I've been pretty up front with you all about my propensity to exaggerate and I'm not going to sit here and tell you that I haven't embellished a few things that I can't quite remember about the homecoming queen acid story but all in all, to the best of my knowledge, most everything that I say happened actually happened the way I say it did. I certainly wouldn't mind calling it fiction though. That way, when the people I talk shit about read it and try to find me and kill me, I can say "It's fiction, please don't kill me."

When my sister called me and told me that she had read the whole thing I was like, "Sooo, do you have some notes for me? Some corrections?" I was braced for her to rip me to shreds. Instead she only said, "You didn't wear Rebok High-Tops to the Homecoming Parade! You wore those cream boots, remember?" She's right. How could I forget those boots! Jesus. I loved those damn things.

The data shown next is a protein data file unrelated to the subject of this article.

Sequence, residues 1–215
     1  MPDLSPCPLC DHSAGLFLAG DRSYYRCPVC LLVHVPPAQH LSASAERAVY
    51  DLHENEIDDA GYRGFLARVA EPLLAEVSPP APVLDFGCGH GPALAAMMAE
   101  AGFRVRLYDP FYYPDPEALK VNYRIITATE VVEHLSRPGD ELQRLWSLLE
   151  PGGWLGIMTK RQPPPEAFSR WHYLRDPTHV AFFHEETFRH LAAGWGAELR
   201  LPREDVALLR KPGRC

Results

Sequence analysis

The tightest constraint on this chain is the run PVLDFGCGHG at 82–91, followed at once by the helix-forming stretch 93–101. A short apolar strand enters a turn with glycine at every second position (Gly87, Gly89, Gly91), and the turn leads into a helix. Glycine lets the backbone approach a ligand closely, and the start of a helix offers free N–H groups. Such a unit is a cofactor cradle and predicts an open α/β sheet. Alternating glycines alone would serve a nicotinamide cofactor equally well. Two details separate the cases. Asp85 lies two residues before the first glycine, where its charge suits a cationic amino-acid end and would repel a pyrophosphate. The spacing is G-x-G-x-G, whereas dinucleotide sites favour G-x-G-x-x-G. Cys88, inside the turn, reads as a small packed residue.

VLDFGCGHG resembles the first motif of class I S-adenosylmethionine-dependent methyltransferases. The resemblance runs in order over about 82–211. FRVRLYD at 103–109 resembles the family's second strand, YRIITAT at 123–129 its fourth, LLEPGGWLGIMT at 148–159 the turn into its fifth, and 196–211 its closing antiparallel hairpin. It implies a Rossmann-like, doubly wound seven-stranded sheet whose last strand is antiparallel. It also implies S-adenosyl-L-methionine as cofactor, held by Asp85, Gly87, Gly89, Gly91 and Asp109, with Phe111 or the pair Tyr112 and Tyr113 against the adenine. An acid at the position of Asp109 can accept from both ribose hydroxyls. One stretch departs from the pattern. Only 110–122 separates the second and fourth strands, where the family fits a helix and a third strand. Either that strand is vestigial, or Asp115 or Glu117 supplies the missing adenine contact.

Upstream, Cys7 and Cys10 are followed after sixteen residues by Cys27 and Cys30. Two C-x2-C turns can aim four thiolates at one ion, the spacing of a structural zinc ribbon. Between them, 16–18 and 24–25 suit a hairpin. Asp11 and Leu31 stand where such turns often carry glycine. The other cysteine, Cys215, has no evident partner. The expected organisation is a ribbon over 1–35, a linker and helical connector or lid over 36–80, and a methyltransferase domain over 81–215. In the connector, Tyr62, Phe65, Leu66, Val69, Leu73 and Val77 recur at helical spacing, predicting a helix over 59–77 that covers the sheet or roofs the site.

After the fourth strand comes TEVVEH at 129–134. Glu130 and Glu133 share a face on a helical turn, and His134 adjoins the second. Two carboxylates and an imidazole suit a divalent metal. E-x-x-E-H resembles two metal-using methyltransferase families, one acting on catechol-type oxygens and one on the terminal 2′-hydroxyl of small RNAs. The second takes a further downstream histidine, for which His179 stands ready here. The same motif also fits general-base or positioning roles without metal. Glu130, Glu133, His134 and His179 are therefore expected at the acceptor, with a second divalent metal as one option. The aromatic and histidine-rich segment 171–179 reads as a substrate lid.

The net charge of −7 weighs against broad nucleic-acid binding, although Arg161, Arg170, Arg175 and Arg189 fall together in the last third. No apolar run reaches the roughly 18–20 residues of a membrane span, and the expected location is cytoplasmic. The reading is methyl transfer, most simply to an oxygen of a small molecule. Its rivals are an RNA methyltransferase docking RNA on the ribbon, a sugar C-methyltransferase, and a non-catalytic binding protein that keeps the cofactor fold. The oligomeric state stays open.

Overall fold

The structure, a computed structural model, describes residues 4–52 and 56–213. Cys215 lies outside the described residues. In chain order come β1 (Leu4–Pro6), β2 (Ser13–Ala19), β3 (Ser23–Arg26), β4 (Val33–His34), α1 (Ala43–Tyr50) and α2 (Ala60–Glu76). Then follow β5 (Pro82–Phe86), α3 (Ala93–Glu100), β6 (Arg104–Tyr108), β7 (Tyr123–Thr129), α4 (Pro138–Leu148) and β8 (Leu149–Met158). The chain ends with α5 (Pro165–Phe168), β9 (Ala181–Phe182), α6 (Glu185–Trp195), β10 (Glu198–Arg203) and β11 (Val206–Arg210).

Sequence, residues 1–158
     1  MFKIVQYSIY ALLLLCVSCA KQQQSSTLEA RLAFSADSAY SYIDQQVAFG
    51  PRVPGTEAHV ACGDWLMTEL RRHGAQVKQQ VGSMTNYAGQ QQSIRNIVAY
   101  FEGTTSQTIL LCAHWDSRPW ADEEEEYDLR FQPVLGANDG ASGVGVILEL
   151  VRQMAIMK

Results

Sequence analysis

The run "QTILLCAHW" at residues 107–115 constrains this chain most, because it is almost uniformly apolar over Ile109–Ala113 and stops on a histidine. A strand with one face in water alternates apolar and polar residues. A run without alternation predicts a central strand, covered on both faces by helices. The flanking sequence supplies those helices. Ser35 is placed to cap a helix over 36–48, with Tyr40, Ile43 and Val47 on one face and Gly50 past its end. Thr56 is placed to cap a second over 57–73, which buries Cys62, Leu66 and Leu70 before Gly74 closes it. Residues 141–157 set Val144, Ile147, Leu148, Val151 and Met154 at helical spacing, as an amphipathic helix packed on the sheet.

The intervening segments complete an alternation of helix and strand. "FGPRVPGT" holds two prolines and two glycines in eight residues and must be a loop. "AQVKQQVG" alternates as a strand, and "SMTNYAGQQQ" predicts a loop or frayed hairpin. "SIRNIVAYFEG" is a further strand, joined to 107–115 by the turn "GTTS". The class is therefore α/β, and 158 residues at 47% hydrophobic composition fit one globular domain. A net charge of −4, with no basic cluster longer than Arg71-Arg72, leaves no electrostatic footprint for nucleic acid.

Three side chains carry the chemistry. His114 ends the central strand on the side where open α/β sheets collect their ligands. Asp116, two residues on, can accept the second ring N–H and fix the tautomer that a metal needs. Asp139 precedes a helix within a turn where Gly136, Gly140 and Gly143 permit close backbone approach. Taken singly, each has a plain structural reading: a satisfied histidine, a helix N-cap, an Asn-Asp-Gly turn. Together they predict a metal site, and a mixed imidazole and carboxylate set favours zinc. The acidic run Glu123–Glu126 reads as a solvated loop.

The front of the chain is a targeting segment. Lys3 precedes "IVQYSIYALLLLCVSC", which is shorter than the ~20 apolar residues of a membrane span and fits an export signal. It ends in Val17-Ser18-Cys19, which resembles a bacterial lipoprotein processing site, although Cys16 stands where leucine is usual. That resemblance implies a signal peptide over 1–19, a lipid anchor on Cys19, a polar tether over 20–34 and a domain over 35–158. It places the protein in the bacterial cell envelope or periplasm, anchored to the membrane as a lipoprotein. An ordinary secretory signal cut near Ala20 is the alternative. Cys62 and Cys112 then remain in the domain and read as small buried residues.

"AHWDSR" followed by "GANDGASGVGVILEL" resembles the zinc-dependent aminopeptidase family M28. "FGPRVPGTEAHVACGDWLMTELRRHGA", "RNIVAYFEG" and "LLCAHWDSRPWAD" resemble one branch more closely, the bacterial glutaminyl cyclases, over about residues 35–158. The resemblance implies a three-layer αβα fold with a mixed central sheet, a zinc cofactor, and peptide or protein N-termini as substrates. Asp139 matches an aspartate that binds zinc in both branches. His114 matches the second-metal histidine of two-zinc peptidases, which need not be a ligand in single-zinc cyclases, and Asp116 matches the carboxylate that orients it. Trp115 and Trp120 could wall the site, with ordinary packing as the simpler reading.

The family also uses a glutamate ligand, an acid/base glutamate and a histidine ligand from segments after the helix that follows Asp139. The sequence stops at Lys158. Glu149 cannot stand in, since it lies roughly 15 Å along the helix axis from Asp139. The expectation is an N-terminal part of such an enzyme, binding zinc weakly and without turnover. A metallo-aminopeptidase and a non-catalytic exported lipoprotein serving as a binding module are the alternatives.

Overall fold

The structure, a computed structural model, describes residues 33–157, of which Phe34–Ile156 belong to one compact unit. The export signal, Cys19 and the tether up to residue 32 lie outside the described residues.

9 Comments:

At 10:23 PM, Blogger ketchummccabe said...

You two are so funny...what a relief to know I am not soley responsible for any scars your sister has from her childhood !!!

 
At 9:43 PM, Blogger momster said...

This comment has been removed by a blog administrator.

 
At 12:16 PM, Blogger momster said...

La Ketch: I love your stories!
Your novel could be titled 'A Million
Little Lies'!

 
At 12:46 PM, Blogger Millie said...

I thought you might say you had made everything up. That you were really an antisocial headbanger in high school who never had boyfriends and only had one friend, and your mom used to call you fat and you were addicted to cigarrettes and used to smoke pot to forget that you were such a loser. Thank god, you didn't tell me that.

 
At 12:46 PM, Blogger la Ketch said...

no millie, that was you. that's what you were like in high school.

 
At 12:50 PM, Blogger Millie said...

mom?

 
At 2:10 PM, Blogger momster said...

Sorry to bug you again, but here is a quote from Frey: "In the memoir genre, the writer usually takes liberties," he said.

 
At 3:29 PM, Blogger Pennyjuana said...

Everything is true, although there is always exaggeration to be expected in almost every story.

 
At 10:10 PM, Blogger A Large Slice of Cake said...

"I'm throwing her down!" I could totally see a kid believing that. Why do we care when stories we loved are proved to be fabrications? Why should that make them any less enjoyable, especially if fiction can validate us as much as memoir? Who cares--just write your novel and don't worry if the end sucks. The first ending always sucks.